Friday, April 13, 2012

stop the time

she bristled at the suggestion that he made, as if anything he said would ever be relevant again, but she said nothing.  instead, she shrugged.  all this talk of watches when nowadays no one wore them anymore, unless they were being ironically or stubbornly anachronistic.  either way, everyone had a phone to tell the time, and you could tell the people who used to wear watches versus the ones who didn’t -the ones who used to wear watches would sometimes flip their wrists up as if the ghost of their watches still lingered there.

the air on the back of her neck felt cold.  she shrugged deeper into her light winter coat -a winter coat in spring.  hmph.  she used to wear a watch, but that had been years ago.  she could barely remember those days, but she remembered her last and favorite watch.  she still had it too, but she would never wear it again.

“I’m looking forward to the watch my brother is planning to give me,” he commented, “but I’d rather have the bike.”

“yeah,” she responded, “seems much more useful.”  but she wasn’t thinking about watches, or bikes either -she was wondering what would happen if you could really stop the time, the way cell phones had stopped watches and watches had stopped sundials and no one looked up at the sun anymore.  she could actually tell the time, though, just by looking up at the sun.  she couldn’t tell direction to save her life, but the time she could always tell (as long as the sun was shining) -and she was proud of that fact, though it was a secret she rarely shared.

she wondered about that too -secrets, that is.  just because something wasn’t shared, did that automatically make it a secret?  couldn’t someone be private without being secretive?  for some reason, thinking the word “secretive” made her think of Templeton, the little mouse from Charlotte’s Web, staring back at her, as though frozen momentarily when caught in the act of hoarding something.  the notion amused her and she chuckled.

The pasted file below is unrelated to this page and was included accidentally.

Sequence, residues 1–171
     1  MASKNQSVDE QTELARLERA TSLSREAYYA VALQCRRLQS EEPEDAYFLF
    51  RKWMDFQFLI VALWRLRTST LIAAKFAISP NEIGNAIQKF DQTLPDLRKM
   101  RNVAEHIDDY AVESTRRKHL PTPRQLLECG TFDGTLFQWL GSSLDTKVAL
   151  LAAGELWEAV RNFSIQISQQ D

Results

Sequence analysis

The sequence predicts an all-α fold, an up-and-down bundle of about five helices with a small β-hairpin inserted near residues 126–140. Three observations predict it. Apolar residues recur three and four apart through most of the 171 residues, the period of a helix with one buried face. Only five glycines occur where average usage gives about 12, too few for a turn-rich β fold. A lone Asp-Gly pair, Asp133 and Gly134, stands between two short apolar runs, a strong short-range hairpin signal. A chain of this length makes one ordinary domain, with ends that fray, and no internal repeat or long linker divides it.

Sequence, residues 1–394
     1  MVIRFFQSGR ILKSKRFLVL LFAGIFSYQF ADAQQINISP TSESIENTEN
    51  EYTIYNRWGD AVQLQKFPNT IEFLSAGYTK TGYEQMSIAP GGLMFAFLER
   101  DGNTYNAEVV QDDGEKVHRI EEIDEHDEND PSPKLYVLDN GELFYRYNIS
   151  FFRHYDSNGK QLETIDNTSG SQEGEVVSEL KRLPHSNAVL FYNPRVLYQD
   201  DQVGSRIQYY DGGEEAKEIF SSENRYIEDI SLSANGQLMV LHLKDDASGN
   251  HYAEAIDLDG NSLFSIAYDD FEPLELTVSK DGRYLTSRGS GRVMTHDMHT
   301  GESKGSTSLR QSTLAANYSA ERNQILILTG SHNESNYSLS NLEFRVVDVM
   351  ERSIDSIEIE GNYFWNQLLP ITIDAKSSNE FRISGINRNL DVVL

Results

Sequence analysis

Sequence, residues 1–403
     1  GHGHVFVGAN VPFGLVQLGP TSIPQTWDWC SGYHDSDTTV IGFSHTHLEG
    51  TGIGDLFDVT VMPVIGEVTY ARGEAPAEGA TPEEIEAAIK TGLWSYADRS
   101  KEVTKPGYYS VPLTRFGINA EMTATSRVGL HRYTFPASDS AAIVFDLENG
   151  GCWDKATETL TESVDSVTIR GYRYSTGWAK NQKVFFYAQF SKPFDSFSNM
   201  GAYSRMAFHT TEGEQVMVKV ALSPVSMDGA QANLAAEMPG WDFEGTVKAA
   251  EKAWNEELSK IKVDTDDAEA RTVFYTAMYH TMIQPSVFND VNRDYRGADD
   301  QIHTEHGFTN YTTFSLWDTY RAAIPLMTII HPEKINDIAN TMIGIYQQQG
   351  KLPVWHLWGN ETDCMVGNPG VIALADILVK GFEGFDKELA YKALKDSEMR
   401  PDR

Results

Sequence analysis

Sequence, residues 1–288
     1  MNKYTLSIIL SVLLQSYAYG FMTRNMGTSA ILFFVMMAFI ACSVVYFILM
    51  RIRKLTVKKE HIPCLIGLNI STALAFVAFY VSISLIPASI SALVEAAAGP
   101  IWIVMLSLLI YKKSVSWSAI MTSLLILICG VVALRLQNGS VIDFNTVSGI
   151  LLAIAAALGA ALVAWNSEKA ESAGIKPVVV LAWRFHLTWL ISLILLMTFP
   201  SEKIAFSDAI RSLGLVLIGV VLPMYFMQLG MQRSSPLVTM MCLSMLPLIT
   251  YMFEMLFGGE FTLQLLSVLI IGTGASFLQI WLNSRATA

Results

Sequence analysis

he looked at her, curious, but she shrugged and said nothing.  the inner workings of her mind were not his to have.  

whenever he was with her, he knew things were slipping away, every day in fact.  he wondered if there was a way to hold on.

“do you want to see the watch when I get it?” he asked her.

“sure,” she said, noncommittal.  she didn’t really know where he’d be when he got it, and he didn’t either, except they wouldn’t be together -and they both knew that.  it startled her to realize that she wouldn’t know him next year.  she might be sitting on this very same bench (doubtful), but it wouldn’t be with him.  something about knowing that made her feel... she didn’t know.  pleasure always seemed to be mixed with pain for her.

he caressed the watch in his hand that his brother had given him.  the steel felt silky, cool where it did not touch and warm where it did.  he was like Gollum with his ring of power, only all the watch did was tell time.  and look good on his wrist.  

he suddenly remembered, rather randomly, the conversation he’d had with her about the watch that day on the bench.  it had been an unseasonably cool day.  he’d been wearing a button down with an argyle sweater; she’d been wearing her rather ridiculous black coat with no belt (why no belt?).  she hadn’t been too enthusiastic about the watch, but she was so practical, of course she’d preferred the bike, the bike he still did not have.  he kind of wanted that bike.

he closed his eyes.

“why did your brother get you a watch when you really wanted a bike?” she asked him.

“I want both, actually,” he answered her.  he opened his eyes, startled to find her there, asking about the watch.

she shrugged.  “well, it’s a nice watch.”

he looked around, confused.  the air was cool, the way it had been the last time he’d seen her.  how long ago had that been?  he couldn’t really remember, but there she was now, quite unexpectedly.  had they had plans to meet back on this bench?

“how did I get here?” he asked, calmly, but inside, he was tumultuous.

“I don’t know.”  she gave him an odd look.  “I guess you walked?  Didn’t you say you took the bus?”

“uh... how long have we been here?”

“you’re the one with the watch,” she yawned, “I don’t know.  long enough for me to feel cold.  shouldn’t we be walking now?  I’m hungry; let’s go.”  

she stood up and waited for him, but he didn’t move.  he felt a momentary paralysis brought on by his confusion.  he was back in the day when they’d met in the park and then had dinner together (all she’d had was garlic mashed potatoes; all he’d had was roasted asparagus; so, between the two of them, an almost incomplete meal).  the day was as he thought he remembered, but it wasn’t, because now he had the watch.  and their conversation was not the same.  was she the same?  he looked up at her, trying to see the differences, but she held onto her mystery, as she always did.  always had, he corrected himself.  he tucked his hands in his pockets and walked away with her.


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